PREPARATION will be key to determining Sunday’s result and Joe Skarz believes Oxford United’s chances will be boosted if they get things right tomorrow.

The left back is one of several in the squad with experience of playing at Wembley and will be hoping to shrug off a groin problem to take his place in the U’s line-up.

He was in the Rotherham United team which won the League One play-off final on a penalty shoot-out two seasons ago, beating a Leyton Orient side which featured an on-loan John Lundstram.

As part of a weekend of games, the Millers did not have the luxury of visiting the stadium beforehand to acclimatise to the very imposing surroundings.

Despite being on the right side of the result that day, Skarz felt he would have benefitted from such a trip.

So the 26-year-old views United’s excursion tomorrow will be vital, particularly for those making their Wembley debuts.

He said: “When we did it with Rotherham we turned up on the day – you want to take it all in but we didn’t have much time.

“We got there quite early, looked round and took photos on our phones.

“Then it was game mode really.

“It was only after the game then you took it all in.

“I went out on to the pitch when the stadium was empty, just to have a look round and it’s then you realise you’d played in a stadium of that magnitude.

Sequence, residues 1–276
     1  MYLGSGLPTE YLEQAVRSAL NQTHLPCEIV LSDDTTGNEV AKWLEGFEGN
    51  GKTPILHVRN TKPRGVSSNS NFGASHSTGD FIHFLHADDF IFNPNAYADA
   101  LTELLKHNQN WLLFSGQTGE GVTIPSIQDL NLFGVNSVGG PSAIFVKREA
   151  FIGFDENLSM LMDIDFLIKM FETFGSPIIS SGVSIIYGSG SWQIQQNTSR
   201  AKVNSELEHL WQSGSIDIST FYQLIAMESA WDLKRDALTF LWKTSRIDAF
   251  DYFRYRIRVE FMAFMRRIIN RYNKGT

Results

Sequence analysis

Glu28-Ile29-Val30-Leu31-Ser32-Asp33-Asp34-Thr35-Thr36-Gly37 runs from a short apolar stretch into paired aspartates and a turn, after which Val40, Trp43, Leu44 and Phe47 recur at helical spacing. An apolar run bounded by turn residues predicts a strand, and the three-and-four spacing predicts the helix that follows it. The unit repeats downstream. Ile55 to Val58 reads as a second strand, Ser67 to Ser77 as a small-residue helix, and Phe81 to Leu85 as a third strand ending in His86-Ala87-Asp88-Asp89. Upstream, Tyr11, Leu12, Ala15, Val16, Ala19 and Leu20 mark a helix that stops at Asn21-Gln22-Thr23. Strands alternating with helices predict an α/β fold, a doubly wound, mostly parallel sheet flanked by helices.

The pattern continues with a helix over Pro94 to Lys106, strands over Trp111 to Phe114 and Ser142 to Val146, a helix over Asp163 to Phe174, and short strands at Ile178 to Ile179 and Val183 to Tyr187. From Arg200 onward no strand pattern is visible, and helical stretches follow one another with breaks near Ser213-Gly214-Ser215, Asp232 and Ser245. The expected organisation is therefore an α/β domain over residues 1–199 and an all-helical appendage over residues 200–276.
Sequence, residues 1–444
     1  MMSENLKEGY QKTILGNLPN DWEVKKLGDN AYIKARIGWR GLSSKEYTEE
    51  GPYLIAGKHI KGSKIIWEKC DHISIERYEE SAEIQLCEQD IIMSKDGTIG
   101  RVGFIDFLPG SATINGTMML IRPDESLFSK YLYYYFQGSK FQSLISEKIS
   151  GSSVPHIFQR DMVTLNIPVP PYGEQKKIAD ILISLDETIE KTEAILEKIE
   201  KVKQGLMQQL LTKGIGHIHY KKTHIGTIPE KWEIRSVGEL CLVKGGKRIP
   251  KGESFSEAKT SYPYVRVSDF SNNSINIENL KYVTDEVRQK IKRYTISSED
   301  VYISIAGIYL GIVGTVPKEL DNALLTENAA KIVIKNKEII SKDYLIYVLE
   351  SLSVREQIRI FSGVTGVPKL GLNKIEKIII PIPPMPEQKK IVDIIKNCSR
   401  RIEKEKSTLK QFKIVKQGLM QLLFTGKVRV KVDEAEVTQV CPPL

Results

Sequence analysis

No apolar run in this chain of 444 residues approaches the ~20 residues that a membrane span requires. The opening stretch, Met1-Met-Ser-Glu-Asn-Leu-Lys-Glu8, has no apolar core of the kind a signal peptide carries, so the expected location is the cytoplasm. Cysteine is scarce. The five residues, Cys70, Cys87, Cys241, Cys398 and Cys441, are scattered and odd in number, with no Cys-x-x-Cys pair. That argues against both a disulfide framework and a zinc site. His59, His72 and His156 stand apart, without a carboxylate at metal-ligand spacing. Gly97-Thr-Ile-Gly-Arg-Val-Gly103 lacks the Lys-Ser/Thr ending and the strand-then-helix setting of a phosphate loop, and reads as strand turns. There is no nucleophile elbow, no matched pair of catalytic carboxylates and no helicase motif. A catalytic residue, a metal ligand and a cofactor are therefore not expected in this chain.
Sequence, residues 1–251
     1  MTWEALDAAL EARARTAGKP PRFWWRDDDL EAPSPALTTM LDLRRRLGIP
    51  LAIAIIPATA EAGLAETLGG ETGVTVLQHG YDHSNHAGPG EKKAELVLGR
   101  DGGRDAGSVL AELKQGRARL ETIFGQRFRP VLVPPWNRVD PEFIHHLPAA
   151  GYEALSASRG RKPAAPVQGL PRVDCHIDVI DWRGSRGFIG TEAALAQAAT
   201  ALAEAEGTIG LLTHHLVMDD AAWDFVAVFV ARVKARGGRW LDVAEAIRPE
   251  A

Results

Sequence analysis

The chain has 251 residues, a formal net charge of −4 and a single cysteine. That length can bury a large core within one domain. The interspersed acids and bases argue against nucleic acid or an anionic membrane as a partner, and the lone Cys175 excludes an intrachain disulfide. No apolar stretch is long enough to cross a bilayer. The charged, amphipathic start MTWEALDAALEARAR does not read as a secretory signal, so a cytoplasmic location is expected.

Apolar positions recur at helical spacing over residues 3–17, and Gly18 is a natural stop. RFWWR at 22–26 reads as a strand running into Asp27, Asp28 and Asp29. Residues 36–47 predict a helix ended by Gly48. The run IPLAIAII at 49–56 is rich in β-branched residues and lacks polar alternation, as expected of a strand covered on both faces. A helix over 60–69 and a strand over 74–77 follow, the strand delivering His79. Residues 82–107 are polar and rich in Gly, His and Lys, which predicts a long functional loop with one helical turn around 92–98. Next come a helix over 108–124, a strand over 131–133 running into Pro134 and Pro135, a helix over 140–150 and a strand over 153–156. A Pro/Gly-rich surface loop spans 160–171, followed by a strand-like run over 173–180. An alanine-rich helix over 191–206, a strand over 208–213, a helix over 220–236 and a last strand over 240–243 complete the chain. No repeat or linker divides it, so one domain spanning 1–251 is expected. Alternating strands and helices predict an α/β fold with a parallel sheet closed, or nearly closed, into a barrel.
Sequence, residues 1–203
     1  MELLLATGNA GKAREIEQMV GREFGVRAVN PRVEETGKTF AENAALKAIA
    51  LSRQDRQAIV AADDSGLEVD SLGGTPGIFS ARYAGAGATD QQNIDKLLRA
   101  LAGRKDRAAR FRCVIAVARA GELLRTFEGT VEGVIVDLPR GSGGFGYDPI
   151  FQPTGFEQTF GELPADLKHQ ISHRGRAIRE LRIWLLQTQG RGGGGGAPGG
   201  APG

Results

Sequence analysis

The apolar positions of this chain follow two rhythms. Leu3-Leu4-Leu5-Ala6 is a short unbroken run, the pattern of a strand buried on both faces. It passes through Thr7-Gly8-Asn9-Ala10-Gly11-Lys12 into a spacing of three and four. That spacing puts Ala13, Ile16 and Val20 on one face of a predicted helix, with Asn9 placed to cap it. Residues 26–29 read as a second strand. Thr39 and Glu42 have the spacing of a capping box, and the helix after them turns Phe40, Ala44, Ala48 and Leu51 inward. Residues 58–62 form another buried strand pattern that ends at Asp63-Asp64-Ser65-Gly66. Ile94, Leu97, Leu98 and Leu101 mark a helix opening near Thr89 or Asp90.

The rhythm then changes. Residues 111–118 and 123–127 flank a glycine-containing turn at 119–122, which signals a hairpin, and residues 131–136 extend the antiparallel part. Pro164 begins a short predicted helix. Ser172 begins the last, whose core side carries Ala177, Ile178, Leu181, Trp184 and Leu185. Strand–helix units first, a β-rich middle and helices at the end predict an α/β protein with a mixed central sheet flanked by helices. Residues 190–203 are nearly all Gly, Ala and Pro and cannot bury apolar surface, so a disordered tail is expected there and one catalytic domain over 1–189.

“This way you can get it all done the day before and then when you get there on the day you can really focus on the game.”

As one of the most experienced players in the United squad, you can bet the coaching staff will not lose much sleep worrying over whether nerves will get the better of the reliable full back.

Skarz has some advice for younger teammates, even if the former Huddersfield Town apprentice acknowledges it will be tough to follow.

He said: “You have to try and treat it like a normal game, but it’s very hard to do that.

“You can say it all you want, but it’s not a normal league game.

“The size of the stadium and the changing room with all the facilities – it’s completely different to what us as players are used to.

“You look at the FA Cup final and you can see when (Premier League) teams play there they do get nervous because it’s a bigger occasion than normal.

“But the lads here I think are a confident bunch.

“We’ll try to block out the huge stands around you and just play.

“Because it’s two teams that play an attacking brand of football I think once the game starts you’ll get into it.”